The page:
The Imperial Japanese Navy and Army Air Forces took two different approaches when they decided to equip their aircraft with 20mm autocannons.
The Navy tested some Oerlikon 20mm autocannons, liked it and started local production of two Oerlikon-types, which they called Type 99-1 and Type 99-2. They’re really local copies of the Oerlikon FF and and the larger FFL. The Oerlikons (and therefore both Type 99’s) had a rather low rate of fire. Type 99-1 had low muzzle velocity in addition.
The A6M Zero was equipped with wing-mounted Type 99-1, muzzles flush with the leading edges. Later versions of the fighter were equipped with the longer Type 99-2 with muzzles portruding from the wing edges. Zero pilots generally didn’t like firing the earlier cannons, they were slow-firing and only good at very close range on slow-moving targets. Pilots relied more on their cowl machine guns. Instead of blasting their foes with a few cannon shots, pilots like Saburo Sakai would hang on their target’s tail and pour their two machine guns on it. And sometimes the target would just keep on flying.
The Army got in a bit later and with an approach I found very interesting. They started out with the Ho-103 12.7mm machine gun, a local version of the American Browning 1921 .50 caliber that Americans nickname the “Ma Deuce”, modified to use shorter cartridges to improve rate of fire.
Then they simply scaled up all the parts, loaded it with explosive shells, and got a very decent autocannon indeed, the Ho-5 , with faster muzzle velocity and higher rate of fire than the Navy’s Oerlikon derivatives. Some have called it the best autocannon of WW2, and even some Americans wonder why their own forces didn’t simply upsize their beloved “Ma Deuce” to fire shells. The Ho-5 was only slightly heavier than the 50 cal Browning, and packed a bigger punch per weight.
(The Americans really did consider cannon-arming their single-engine fighters, as can be seen in the P-39 Airacobra. They tried producing Hispano-Suiza cannons but their contractors botched it.)
The Ho-5 went to equip the Ki-44 Shoki, Ki-84 Hayate and Ki-45 Toryu, and generally, the Army pilots fired their cannon more often than their Navy counterparts.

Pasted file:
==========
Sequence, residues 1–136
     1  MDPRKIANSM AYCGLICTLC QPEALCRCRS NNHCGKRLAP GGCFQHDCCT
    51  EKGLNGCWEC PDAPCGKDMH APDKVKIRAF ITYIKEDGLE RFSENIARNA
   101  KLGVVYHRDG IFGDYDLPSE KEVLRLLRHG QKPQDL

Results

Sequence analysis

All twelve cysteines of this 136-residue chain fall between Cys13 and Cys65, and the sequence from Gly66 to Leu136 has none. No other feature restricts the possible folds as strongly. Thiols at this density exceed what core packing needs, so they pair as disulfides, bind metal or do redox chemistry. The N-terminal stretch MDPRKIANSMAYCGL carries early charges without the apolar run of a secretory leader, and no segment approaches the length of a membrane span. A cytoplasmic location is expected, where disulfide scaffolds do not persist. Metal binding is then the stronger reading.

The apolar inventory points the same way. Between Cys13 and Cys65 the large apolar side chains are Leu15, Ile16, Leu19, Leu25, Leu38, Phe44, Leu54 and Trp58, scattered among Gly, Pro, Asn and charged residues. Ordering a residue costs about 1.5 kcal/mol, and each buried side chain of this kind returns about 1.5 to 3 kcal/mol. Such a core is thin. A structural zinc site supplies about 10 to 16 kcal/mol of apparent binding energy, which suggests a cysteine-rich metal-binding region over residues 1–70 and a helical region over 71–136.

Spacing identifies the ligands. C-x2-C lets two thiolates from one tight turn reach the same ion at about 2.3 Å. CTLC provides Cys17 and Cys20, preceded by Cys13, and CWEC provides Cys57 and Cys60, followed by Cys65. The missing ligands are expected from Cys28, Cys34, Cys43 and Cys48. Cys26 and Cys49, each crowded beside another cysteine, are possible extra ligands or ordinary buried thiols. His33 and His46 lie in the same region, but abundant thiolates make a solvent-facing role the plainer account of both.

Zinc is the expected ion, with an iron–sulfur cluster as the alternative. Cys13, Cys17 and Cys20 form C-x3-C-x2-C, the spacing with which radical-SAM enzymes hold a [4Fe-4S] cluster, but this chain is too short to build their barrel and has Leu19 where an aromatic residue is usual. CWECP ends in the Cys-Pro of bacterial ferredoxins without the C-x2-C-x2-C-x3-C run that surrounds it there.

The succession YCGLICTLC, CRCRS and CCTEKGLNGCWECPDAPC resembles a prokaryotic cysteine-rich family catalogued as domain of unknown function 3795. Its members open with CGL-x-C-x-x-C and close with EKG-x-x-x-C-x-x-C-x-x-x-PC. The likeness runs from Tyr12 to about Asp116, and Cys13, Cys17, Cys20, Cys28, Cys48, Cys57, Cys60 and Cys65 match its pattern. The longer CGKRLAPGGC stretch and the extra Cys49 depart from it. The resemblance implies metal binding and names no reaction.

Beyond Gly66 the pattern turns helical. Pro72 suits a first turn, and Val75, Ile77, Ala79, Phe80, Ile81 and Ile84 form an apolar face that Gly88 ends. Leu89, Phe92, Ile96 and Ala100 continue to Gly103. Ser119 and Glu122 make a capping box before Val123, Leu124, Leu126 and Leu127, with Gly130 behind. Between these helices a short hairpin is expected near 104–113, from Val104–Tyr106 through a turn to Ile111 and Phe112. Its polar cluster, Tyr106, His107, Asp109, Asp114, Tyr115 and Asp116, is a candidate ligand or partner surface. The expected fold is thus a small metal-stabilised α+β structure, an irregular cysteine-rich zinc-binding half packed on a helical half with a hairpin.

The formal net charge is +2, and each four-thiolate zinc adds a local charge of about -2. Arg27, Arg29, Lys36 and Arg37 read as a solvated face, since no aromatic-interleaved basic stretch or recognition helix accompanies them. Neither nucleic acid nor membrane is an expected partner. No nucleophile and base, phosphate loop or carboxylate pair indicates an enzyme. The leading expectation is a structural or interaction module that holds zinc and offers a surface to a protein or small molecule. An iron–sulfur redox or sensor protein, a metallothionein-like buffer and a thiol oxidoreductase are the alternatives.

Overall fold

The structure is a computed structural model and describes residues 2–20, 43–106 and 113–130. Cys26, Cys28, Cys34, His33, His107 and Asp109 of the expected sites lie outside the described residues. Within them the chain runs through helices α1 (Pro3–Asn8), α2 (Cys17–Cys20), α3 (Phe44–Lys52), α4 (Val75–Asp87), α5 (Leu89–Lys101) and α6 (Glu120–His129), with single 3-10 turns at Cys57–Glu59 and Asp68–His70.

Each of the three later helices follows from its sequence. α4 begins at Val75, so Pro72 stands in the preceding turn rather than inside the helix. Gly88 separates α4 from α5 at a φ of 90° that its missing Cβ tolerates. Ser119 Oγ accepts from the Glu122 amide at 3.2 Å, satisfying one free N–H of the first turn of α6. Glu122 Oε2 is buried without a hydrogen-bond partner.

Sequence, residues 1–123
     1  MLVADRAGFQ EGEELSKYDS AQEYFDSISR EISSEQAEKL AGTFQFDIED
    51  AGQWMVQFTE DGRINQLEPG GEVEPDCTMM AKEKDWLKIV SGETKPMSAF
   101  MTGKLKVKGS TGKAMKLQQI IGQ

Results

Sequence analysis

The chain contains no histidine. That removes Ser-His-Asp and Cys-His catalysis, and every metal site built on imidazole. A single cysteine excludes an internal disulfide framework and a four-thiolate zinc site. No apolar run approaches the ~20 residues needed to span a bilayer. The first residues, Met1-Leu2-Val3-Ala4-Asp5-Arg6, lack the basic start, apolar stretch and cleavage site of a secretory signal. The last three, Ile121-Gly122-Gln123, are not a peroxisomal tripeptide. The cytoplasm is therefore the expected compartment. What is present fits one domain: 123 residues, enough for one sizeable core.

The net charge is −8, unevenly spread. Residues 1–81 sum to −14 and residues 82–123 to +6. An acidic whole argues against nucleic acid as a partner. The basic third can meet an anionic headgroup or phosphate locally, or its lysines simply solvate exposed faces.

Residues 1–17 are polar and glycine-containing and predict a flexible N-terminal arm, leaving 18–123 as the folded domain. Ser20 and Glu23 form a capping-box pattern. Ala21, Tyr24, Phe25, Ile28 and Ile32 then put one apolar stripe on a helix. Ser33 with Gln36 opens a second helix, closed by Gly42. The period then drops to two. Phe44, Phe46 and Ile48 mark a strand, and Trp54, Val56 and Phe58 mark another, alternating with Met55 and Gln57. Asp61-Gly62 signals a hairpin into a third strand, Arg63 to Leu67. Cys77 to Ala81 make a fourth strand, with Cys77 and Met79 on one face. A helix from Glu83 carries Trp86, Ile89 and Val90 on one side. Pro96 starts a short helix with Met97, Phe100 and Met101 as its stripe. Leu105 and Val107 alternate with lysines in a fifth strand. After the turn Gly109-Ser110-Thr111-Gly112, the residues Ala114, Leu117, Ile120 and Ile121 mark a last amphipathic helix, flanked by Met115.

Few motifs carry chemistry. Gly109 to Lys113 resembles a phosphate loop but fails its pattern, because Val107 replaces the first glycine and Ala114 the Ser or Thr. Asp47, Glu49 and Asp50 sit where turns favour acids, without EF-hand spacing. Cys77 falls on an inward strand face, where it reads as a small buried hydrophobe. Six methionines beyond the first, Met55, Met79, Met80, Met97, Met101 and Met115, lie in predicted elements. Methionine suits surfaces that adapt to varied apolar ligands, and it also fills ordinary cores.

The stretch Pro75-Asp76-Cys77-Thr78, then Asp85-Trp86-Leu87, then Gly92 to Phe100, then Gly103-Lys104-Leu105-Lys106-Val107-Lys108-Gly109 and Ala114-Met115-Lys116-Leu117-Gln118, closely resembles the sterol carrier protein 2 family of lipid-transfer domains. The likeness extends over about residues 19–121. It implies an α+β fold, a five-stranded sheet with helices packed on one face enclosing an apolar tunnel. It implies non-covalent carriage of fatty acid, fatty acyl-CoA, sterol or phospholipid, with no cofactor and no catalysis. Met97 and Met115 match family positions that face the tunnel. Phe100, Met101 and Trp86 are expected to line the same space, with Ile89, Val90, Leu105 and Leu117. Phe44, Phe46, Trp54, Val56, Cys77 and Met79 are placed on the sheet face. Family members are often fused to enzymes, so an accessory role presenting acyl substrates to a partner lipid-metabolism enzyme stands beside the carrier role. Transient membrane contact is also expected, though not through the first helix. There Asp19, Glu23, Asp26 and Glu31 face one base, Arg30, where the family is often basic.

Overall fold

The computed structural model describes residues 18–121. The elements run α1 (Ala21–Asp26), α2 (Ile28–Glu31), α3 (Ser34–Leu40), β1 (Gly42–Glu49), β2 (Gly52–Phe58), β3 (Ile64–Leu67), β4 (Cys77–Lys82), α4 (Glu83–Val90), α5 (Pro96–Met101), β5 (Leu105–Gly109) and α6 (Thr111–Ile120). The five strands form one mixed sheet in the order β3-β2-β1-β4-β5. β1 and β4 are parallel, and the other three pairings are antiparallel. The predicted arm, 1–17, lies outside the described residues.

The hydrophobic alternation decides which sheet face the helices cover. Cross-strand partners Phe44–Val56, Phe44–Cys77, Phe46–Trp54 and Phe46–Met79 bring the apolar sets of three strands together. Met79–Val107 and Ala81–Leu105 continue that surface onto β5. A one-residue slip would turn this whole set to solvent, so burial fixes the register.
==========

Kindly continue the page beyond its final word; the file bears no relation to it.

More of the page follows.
If the Navy’s aircraft cannons were so inferior, why didn’t they switch to Army gear? Well, there was a fierce rivalry between the two arms. They would even design aircraft that shared no common spare parts, and use mutually incompatible ammunition.
And then there was the cartel of retired-Admirals-turned-contractors supplying the Type-99’s, they were really tight with the Navy and elbowed out any competition, let alone allow Army equipment into the Navy system.
The Navy worked around the Type 99-2’s low rate of fire by putting more of them on their planes when possible: the Kawanishi N1K Shiden and Shiden Kai carried four of them, as did the Mitsubishi J2M Raiden. Late-war A6M5 Zeros complemented their two wing cannons with two wing-mounted heavy machine guns. They would have mounted four cannons in the Zero if only there had been room, and the weight of doubled armament compromised the Zero’s chief advantage: agility.
Late war Japanese Army fighters made do with two Ho-5. It was enough.
Zeros equipped with Ho-5 would have remained useful late-war, retaining its agility while delivering a good punch from longer range. When your enemies are faster than you, you need to be able to hit them even as they pull further away and make the kill before they escape. Having a good firing rate helps to hit the target as well.
It was a strange compliment to the Browning Ma Deuce, that an upsized version of it firing shells became a favourite weapon of the Imperial Japanese Army Air Force.
Caliber: 20 mm (0.8 in)
Ammunition: 20 x 94 (84.5 g)
Weight: 35 kg (77 lb)
Rate of fire: 450-600 rounds/min (some sources put it as high as 950 )
Muzzle velocity: 750 m/s (2,460 ft/s)
Navy Type 99:
Caliber: 20 mm
Length: 133 cm (53 in)
Weight: 23 kg (51 lb)
Rate of fire: 520 rounds/min
Muzzle velocity: 600 m/s (1970 ft/s)
Caliber: 20 mm
Length: 189 cm (74 in)
Weight: 34 kg (75 lb)
Rate of fire: 480 rounds/min
Muzzle velocity: 750 m/s (2460 ft/s)